What kind of “music” can we make together?
Designers and non-designers from across the company spent three days focused on teamwork and harmony to learn, grow, practice, play, bond, and do some good for others.
Create the most engaging and rewarding design team event ever. Provide attendees the chance to grow their design knowledge and skills, learn from creators and educators from outside the company, recognize each other's contributions and accomplishments, and give back to the local community using our unique capabilities.
Lead the effort to craft and host the three-day event from concept to completion. Source and secure internal and external thought leaders, makers, and educators. Design activities to help a nationally-recognized performing arts high school address their real-world challenges. Design and present new individual and team awards. And facilitate live panel discussions.
I used the team's input to develop a creative and content strategy. Then I went divergent in thinking, exploring themes and brainstorming ideas to form cohesive concepts…
As I developed the ideas, I shared the thinking with design leadership team to get their feedback. We discussed and narrowed down to “Music” as our creative platform. Planning and production was underway.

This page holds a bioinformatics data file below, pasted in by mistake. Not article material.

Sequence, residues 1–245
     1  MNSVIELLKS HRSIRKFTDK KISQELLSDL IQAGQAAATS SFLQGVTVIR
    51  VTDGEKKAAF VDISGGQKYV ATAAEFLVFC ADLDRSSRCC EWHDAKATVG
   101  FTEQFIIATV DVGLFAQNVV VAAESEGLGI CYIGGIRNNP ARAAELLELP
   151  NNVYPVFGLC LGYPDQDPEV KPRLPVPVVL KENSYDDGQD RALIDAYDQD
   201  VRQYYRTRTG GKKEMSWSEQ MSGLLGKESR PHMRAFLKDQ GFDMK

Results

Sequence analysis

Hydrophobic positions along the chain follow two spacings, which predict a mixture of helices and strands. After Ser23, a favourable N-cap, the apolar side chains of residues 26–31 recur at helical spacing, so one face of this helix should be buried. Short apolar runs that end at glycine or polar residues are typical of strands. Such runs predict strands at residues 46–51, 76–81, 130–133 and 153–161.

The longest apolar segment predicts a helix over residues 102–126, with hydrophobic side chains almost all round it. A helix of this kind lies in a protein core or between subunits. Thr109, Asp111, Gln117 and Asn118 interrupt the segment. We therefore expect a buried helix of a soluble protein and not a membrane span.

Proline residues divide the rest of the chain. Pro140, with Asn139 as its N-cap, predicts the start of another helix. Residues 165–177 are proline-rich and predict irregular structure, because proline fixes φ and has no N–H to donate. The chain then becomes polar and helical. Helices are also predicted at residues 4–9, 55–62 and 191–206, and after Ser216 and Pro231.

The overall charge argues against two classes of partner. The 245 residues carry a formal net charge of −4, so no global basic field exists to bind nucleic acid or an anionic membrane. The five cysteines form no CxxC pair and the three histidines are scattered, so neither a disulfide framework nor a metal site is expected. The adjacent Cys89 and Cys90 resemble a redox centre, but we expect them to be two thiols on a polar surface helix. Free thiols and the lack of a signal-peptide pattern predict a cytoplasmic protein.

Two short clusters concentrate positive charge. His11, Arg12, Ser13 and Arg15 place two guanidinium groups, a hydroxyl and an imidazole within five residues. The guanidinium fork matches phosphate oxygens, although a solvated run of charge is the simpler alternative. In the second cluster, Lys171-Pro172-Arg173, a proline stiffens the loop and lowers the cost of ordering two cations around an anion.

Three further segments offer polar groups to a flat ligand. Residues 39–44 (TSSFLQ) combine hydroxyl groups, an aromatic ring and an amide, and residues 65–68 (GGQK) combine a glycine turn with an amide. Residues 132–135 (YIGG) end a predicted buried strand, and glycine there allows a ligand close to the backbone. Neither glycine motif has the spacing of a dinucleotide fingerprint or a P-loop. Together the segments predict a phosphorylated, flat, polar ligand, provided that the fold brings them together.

We considered every aspect: budget, location, attendees, speakers, content, contributors, swag, activities, agenda, food, event marketing, awards, technology, and travel.
I worked with two wonderful teammates, Sherri and J.B., to craft a three-day schedule and content framework based on our design process and connect everything to our event theme. Each day had a sub-theme to organize information and activities.
Time to divide and conquer. Sherri focused on event logistics, food, and budget. J.B. took ownership of swag. And I started to source and coordinate internal and external speakers, develop marketing collateral, research ideas for team activities, and craft the visual design and presentation materials needed for a seamless attendee experience.
I developed a bold and expressive look and feel aligned with the creative strategy. From this visual design language, we started crafting marketing communications, “sales” decks to share with potential stakeholders and speakers, and resource libraries for everyone creating content. With a clear creative direction established, the presentations would be compelling and coordinated.
Create visual assets early as possible in the process to share with production partners. These creative elements helped speakers and event planners understand what the event was going to look and feel like, and how best to make independent, informed and timely decisions.
Next, we needed to identify and persuade external speakers to share their journeys to inform and inspire the team.
We looked for talented professionals who could provide a unique point of view, impart valuable learnings and lessons, tell great stories – all while (hopefully) tailoring their message around customer-obsession and event themes.
We hypothesized that musicians share many similarities to designers, working through the process of going broad, narrowing, testing and learning to arrive at solutions that meet a diverse set of goals or needs.